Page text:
At the national level, housing affordability conditions improved in January 2020 compared to last a year ago and rose compared to December, according to NAR’s Housing Affordability Index. Median home prices rose 6.9 % in January from one year ago. The effective 30-year fixed mortgage rate1 dropped to 3.68% this January from 3.78% in December, mortgage rates are historically low compared to the year-ago level of 4.76%.
As of January 2020, the national and regional indices were all above 100, meaning that a family with the median income had more than the income required to afford a median-priced home. The income required to afford a mortgage, or the qualifying income, is the income needed so that mortgage payments make up no more than 25% of family income. The most affordable region was the Midwest, with an index value of 220.4 (median family income of $78,378 is almost twice the qualifying income of $35,568). The least affordable region remained the West, where the index was 121.9 (median family income of $85,445 and the qualifying income of $70,080). For comparison, the index was 177.3 in the South (median family income of $73,548 and the qualifying income of $41,472) and 165.3 in the Northeast (median family income of $91,219 with a qualifying income of $55,200).
Housing affordability2 increased from a year ago in all four regions.
Affordability is up in three of the four regions and is only down in the Northeast 1.1% down from last month. The South had the largest gain of 6.1% followed by the West with an increase of 5.3%. The Midwest had the smallest incline of 4.5%.
Nationally, mortgage rates were down 108 basis points from one year ago (one percentage point equals 100 basis points). The median sales price for a single-family home sold in January in the US was $268,600 up 6.9% from a year ago, while median family incomes rose 2.7 % in 2020 from one year ago.
With lower mortgage rates compared to one year ago, the payment as a percentage of income fell to 14.8% this January from 16.2% from a year ago. Regionally, the West has the highest mortgage payment to income share at 20.5% of income. The Northeast had the second highest share at 15.1% followed by the South with their share at 14.1%. The Midwest had the lowest mortgage payment as a percentage of income at 11.3%.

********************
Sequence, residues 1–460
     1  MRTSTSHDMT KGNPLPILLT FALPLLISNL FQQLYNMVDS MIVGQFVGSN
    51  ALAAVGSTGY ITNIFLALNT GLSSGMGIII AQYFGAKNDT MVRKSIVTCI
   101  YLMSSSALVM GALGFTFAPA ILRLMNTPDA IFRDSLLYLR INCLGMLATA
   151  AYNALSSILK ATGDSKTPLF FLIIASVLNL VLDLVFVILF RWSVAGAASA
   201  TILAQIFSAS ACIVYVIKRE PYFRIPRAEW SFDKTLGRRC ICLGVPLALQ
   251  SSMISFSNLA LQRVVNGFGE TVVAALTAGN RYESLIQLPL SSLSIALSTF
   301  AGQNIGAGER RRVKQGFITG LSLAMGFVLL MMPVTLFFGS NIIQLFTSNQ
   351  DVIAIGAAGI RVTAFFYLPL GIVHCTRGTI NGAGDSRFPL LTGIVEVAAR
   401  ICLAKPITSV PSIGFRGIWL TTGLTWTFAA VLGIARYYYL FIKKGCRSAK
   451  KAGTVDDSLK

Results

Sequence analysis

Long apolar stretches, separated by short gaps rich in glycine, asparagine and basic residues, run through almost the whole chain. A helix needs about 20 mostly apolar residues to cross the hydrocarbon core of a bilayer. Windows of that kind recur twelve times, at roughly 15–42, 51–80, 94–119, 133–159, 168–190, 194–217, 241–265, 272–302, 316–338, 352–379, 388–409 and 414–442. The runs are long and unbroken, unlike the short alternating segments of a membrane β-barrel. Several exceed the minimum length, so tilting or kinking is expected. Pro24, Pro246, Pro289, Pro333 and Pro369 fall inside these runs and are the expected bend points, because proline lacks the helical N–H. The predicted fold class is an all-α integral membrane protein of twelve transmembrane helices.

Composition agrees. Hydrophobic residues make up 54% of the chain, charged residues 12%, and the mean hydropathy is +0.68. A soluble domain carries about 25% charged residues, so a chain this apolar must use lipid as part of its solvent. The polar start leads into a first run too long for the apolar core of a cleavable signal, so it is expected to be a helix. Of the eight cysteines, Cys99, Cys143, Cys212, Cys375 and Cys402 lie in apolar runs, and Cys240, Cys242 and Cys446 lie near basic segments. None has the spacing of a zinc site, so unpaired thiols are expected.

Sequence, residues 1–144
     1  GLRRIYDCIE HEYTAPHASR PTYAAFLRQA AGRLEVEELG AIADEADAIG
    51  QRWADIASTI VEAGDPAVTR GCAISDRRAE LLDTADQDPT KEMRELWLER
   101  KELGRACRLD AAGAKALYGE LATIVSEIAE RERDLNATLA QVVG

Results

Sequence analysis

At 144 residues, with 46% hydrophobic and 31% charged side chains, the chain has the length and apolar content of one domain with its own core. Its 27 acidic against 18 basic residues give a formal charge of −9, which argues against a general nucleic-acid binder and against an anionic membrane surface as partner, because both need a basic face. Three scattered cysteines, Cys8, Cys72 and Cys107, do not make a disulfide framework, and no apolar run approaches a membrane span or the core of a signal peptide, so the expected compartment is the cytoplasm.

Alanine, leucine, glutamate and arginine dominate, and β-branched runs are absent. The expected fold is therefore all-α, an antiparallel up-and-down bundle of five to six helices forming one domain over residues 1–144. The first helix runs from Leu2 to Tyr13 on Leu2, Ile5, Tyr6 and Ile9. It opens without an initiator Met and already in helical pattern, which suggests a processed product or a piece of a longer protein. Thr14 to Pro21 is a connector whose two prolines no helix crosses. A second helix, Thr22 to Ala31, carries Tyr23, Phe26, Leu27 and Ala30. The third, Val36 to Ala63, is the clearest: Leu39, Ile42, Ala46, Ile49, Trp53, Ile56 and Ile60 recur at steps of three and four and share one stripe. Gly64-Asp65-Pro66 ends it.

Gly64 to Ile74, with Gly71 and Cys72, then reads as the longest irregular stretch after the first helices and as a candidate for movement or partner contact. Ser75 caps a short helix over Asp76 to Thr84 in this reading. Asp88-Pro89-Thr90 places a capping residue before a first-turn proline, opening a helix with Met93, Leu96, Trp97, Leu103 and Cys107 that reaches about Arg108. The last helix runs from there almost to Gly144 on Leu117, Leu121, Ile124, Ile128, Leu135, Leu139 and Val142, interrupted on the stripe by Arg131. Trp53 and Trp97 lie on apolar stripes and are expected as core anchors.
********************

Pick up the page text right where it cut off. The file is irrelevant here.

This week the MBA reported mortgage applications increased 55.4% compared to last week. Current homeowners are taking advantage of lower rates and refinancing their mortgage to lower their monthly payments. First time home buyers can also benefit from historically low rates.
What does housing affordability look like in your market? View the full data release.
The Housing Affordability Index calculation assumes a 20% down payment and a 25% qualifying ratio (principal and interest payment to income). See further details on the methodology and assumptions behind the calculation.
1 Starting in May 2019, FHFA discontinued the release of several mortgage rates and only published an adjustable-rate mortgage called PMMS+ based on Freddie Mac Primary Mortgage Market Survey. With these changes, NAR discontinued the release of the HAI Composite Index (based on 30-year fixed-rate and ARM) and starting in May 2019 only releases the HAI based on a 30-year mortgage. NAR calculates the 30-year effective fixed rate based on Freddie Mac's 30-year fixed mortgage contract rate, 30-year fixed mortgage points and fees, and a median loan value based on the NAR median price and a 20% down payment.
2 A Home Affordability Index (HAI) value of 100 means that a family with the median income has exactly enough income to qualify for a mortgage on a median-priced home. An index of 120 signifies that a family earning the median income has 20% more than the level of income needed pay the mortgage on a median-priced home, assuming a 20% down payment so that the monthly payment and interest will not exceed 25% of this level of income (qualifying income).